The author states that a necessary condition to bringing about more clarity in our lives is the practice of mindfulness which trains you to be present and aware in daily life. Without mindfulness we would fall back on unskillful habit patterns which cloud the mind and form the basis for reactivity.

What sets this book apart from the multitude of other books that deal with this subject matter is the author’s skillful use of pedagogy. Each chapter addresses an aspect of our lives: practicing gratitude and generosity, starting our day with clarity and making major life changes are some of the topics that are addressed. At the end of each chapter, Moffitt lists practical exercises that one can incorporate into one’s daily routine. I personally found the self-reflection exercises to be very helpful. They allowed me to pause and ask the really important questions that we all long to ask – how do I want to spend the rest of my precious life for the short time that I am living on this earth?

Two prominent institutions are currently undertaking scientific studies to measure the effectiveness of yoga on alleviating post traumatic stress disorder in war veterans.

The Kripalu Institute for Extraordinary Living in collaboration with Harvard Medical School faculty and research assistants have developed a comprehensive yoga program specifically designed to relieve symptoms of trauma.

There are pre-, mid-, post-, and long-term follow-up treatment measures that include questionnaires and interviews that measure PTSD symptoms, subjective well-being, and mood; electrocardiogram readings to monitor heart-rate variability; and 24-hour urine samples to assay the presence of stress hormones. Three months following the study, subjects will complete a long-term follow-up.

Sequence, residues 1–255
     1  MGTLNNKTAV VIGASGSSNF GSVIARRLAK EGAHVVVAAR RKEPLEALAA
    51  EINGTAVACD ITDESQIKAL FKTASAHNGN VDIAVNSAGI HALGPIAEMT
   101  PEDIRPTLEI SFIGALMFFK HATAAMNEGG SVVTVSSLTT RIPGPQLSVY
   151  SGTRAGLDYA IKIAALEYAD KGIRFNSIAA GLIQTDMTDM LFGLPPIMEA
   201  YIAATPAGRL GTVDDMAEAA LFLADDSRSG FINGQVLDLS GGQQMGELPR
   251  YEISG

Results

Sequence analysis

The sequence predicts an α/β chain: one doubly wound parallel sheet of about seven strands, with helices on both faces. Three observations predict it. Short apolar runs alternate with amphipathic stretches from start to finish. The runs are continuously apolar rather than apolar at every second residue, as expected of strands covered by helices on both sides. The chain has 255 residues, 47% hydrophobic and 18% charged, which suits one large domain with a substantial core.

A second study under the direction of Dr. Richard Davidson at the University of Wisconsin-Madison’s Center for Investigating Healthy Minds will apply the tools of neuroscience – including brain imaging to determine what if any effect such contemplative practices have on veterans with symptoms of post traumatic stress disorder. Researchers hope to develop psychological profiles and a kind of tool kit that help them target contemplative practices in ways that are most effective.

There is, at least, anecdotal evidence that contemplative practices are beneficial for veterans. Both Navy veteran Dennis and Jennifer Kannel, who spent a year in Iraq with the Wisconsin Army National Guard, said the breathing exercises and meditation practices improved their sleep and sense of well-being.

Andrew Hendrickson, who leads a yoga-based relaxation series for returning combat troops asks vets in his program to rate their level of distress, on a scale of zero to 100, before and after participating.

“I frequently get people who drop from 80 to 20 or 10,” said Hendrickson, who used yoga to sleep at night while working at a combat hospital in Afghanistan. “One guy with severe depression went from 60 to zero.”

A human mind is a wandering mind and a wandering mind is an unhappy mind wrote psychologists Matthew Killingsworth and Daniel Gilbert of Harvard University in the Journal Science. According to these researchers, mind-wandering is a human brain’s default mode of operation.

Using modern technology, the authors created an iphone app that contacted volunteers at regular intervals throughout the day to find out what they were currently doing and whether they were thinking about their current activity or about something else that was pleasant, unpleasant or neutral.